Then we give our awards for people who got Bronze and Silver, these are handed out and signed by Mr Giani himself. After we clap our hands so hard we’ve lost all feeling, it is time for the last stage of our meeting.
Last term, we practised for our House Song! Not to brag, but we think we had the best song, “Love Train” by the O-Jays, with Leo M as lead singer. Unfortunately, we were beaten by Rodney and their outstanding performance of ‘Fly Away Home’. Still, Jamie P won the senior solo piece with Nocturne No. 5 by John Field, and our very own Mariachi, Gabriel R-A, raised the roof with Cielito Lindo!
Now back to school lessons :(
Dylan M-H, Deputy House Captain
The secret boarder is someone who the Boarding House Team feel has had a great week in all areas of boarding. The boarders are told when it is a ‘secret boarder week’, but crucially not who the secret boarder IS. If all goes well, a winner is announced at the end of the week and there are prizes for everyone…! Happily, this week's secret boarder is Seb H! Well done!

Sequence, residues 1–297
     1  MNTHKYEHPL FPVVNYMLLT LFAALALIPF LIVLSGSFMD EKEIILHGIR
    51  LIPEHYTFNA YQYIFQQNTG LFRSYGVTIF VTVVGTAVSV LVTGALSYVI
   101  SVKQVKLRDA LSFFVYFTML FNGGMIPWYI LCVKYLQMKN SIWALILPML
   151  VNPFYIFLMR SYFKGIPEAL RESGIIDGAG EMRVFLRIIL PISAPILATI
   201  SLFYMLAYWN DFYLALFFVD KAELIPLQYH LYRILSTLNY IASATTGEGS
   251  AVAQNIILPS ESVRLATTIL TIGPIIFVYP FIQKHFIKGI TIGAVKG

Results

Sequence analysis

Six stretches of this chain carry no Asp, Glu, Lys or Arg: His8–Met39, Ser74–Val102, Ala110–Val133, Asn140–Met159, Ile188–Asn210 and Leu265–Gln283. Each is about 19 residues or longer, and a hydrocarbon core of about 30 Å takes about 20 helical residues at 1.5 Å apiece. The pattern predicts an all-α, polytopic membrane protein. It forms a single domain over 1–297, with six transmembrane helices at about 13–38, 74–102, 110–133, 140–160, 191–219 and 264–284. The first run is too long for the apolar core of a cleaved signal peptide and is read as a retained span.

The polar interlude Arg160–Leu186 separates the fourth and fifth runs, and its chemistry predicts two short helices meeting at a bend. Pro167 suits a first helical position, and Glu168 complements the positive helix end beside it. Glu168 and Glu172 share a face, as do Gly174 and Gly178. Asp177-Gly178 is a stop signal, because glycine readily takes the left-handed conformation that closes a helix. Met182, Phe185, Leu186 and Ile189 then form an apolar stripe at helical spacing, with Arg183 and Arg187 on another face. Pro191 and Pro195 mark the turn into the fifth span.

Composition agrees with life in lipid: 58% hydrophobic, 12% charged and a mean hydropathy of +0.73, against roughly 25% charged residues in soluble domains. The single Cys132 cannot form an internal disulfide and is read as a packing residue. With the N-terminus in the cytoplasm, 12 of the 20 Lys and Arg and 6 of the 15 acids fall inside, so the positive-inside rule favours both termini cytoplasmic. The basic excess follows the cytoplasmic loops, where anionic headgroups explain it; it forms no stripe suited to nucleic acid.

Netball Matches on Wednesday
The Oratory dominated the game throughout. Unfortunately St George's hardly had any shooting opportunities. Final score 8 - 0. The Player of the Match (chosen by the opposing team) was Bea A.
The match against Holme Grange was rather slow. They made the most of their two opportunities to score, whereas St George's shots unfortunately just missed the target. The Player of the Match was Isabelle S.
The U11s took to the court with great confidence against a physically stronger and bigger Holme Grange U12/13 team. The girls played with great composure and dictated from the start. With excellent shooting and good through court play, the girls won with ease. The Players of the Match for Year 6 were Cara V (Attacker) and Annabel P (Defender).